Lurid moments ahead
Nearly two years after Jackson's death, the innovative, one-gloved "moonwalk" dancer who wrote and sang hits including Thriller, Billie Jean and Beat It remains a media lure.
People v. Conrad Murray will be televised and streamed on the Internet. Court officials granted seats to celebrity news outlets including Access Hollywood, Radar Onlineand TMZ.com.
The judge estimates the trial will take five weeks. Trial-watchers looking for lurid moments should find plenty. Some evidence likely to be introduced:
•A full-body autopsy photo of Jackson, genital area blocked.
•Testimony by Jackson's son Prince, 14, and daughter, Paris, 13, as witnesses to Murray's care and to their father's death. "This is going to be extremely painful," Oxman says.
Jackson's parents and many of his five brothers and three sisters are likely to attend proceedings daily, as they did at his child-molestation trial in Santa Maria, Calif.
•Poignant video clips from Michael Jackson's This Is It, the posthumous documentary, depicting Jackson singing and dancing in rehearsals on June 23 and 24, 2009. He died June 25. Walgren says the images will support choreographer Kenny Ortega's testimony that Jackson was "excited and energetic." Defense lawyers say they will focus on images showing Jackson looking sickly.
•Appearances by three women who had ongoing extramarital relationships with the married Murray. The prosecution accuses Murray of violating doctor-patient confidentiality by "boasting" to women that he was treating Jackson.
Finding a jury
At the outset, seating 12 jurors and six alternates who haven't made up their minds about the high-profile case may prove tough.
"There's going to be a lot of people that have already formed opinions as to likes and dislikes of the parties," says J. Michael Flanagan, one of Murray's three attorneys.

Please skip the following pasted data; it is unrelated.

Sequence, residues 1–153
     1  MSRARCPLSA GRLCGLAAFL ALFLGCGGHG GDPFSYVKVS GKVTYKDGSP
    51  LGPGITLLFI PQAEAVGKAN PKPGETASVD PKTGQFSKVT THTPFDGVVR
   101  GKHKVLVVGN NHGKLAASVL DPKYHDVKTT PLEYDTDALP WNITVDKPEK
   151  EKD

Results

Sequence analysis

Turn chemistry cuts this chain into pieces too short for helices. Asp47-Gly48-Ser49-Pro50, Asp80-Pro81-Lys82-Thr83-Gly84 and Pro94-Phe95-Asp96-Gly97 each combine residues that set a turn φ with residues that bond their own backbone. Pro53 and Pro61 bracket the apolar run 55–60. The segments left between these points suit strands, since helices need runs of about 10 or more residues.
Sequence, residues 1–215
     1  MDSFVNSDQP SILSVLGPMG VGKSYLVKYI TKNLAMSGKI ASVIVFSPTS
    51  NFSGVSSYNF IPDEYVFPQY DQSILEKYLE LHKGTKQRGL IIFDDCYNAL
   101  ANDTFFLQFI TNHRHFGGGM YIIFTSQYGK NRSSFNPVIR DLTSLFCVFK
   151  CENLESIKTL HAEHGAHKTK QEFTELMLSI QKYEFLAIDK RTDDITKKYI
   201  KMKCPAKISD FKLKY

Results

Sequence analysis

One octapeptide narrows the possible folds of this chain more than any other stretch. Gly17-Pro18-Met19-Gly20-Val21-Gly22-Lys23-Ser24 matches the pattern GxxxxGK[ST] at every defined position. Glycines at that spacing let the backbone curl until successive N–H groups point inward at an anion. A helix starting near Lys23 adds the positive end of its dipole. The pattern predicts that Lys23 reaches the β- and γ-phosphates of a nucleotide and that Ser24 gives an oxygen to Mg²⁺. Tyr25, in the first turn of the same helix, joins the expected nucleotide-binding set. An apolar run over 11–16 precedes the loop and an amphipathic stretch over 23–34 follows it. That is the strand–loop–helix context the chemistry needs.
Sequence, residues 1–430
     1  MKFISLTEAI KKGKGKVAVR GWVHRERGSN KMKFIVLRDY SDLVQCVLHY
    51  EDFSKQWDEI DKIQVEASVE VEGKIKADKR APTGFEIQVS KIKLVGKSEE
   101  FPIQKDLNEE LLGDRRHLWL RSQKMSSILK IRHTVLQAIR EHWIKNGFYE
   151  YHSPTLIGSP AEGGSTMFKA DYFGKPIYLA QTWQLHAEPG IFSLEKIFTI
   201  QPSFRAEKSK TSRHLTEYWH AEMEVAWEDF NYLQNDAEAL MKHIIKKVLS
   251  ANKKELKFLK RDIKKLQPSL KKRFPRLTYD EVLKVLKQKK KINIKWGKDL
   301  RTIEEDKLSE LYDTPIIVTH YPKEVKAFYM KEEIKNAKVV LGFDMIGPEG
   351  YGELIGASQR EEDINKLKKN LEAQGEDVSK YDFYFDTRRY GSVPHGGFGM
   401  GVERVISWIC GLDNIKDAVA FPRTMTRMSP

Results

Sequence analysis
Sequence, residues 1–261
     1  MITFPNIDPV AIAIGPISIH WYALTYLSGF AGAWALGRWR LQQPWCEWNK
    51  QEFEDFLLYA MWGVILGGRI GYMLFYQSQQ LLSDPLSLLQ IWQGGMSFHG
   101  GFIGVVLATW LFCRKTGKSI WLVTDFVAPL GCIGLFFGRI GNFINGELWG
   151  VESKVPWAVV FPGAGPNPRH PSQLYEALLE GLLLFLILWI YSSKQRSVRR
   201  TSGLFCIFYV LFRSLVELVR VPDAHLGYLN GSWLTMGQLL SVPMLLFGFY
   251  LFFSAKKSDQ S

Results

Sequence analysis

In part, "it comes down very importantly to who these jurors are," says Laurie Levenson, a professor at Loyola University Law School in Los Angeles. Some could be Jackson fans who escape detection in screening. And "believe it or not, there are some people who are not Michael Jackson fans, and would say he brought this upon himself," she says.
Few have been more emotionally involved in the case than a devoted corps of Jackson fans who fill public seats at hearings, glaring at Murray and trading conspiracy theories. "We'll come here all day long to make his life miserable," says Erin Jacobs, 43, a Yorba Linda, Calif., travel agent.
These devotees are equally upset with Los Angeles County District Attorney Steve Cooley for not charging the defendant with murder.
"I believe Conrad Murray was a hit man — a medical hit man," says Carolyn Owens-Horton, 50, a Los Angeles teacher and video maker.
When patients die, doctors sometimes are sued for malpractice. But few have been arraigned for homicide when they didn't intend the death — unlike Jack Kevorkian of Michigan, who served eight years on a second-degree murder conviction for assisting in one of the 130 suicides he said he aided.
"A lot of these cases don't get charged, but it was no surprise that they filed" against Murray, Levenson says. It was "his bad luck that Michael Jackson was a public icon."
The final hours
According to court documents and witness accounts at a preliminary hearing in January, these events surrounded Jackson's death:
Interviewed two days after Jackson died, Murray told Los Angeles police detective Orlando Martinez he had been seeing the insomnia-plagued Jackson for two months.
Las Vegas pharmacist Tim Lopez testified he shipped 255 vials of propofol to the Santa Monica, Calif., apartment of actress Nicole Alvarez, Murray's mistress and the mother of his then-infant son. Lopez said he was led to believe the propofol was for a clinic, not for a single patient.
At Jackson's request, Murray told Martinez, he administered propofol through an intravenous drip almost every night. He claimed other doctors had done so. But he had begun to "wean" Jackson from 50-milligram doses to 25 milligrams, Murray said.
After a rehearsal session, Jackson and Murray arrived back at the entertainer's rented, $20 million Holmby Hills mansion after midnight June 25. An exhausted Jackson kept complaining he couldn't get to sleep, despite periodic injections of sedatives and anti-anxiety drugs including Valium, lorazepam and midazolam, according to Murray.
Jackson repeatedly "begged" for propofol, Martinez quoted Murray as saying. Feeling pressure, Murray said, he administered a 25-milligram dose at 10:40 a.m.
Prosecutors argue that Murray was distracted, continuously texting and phoning girlfriends and others in the hours before the singer's death when he should have been monitoring vital signs.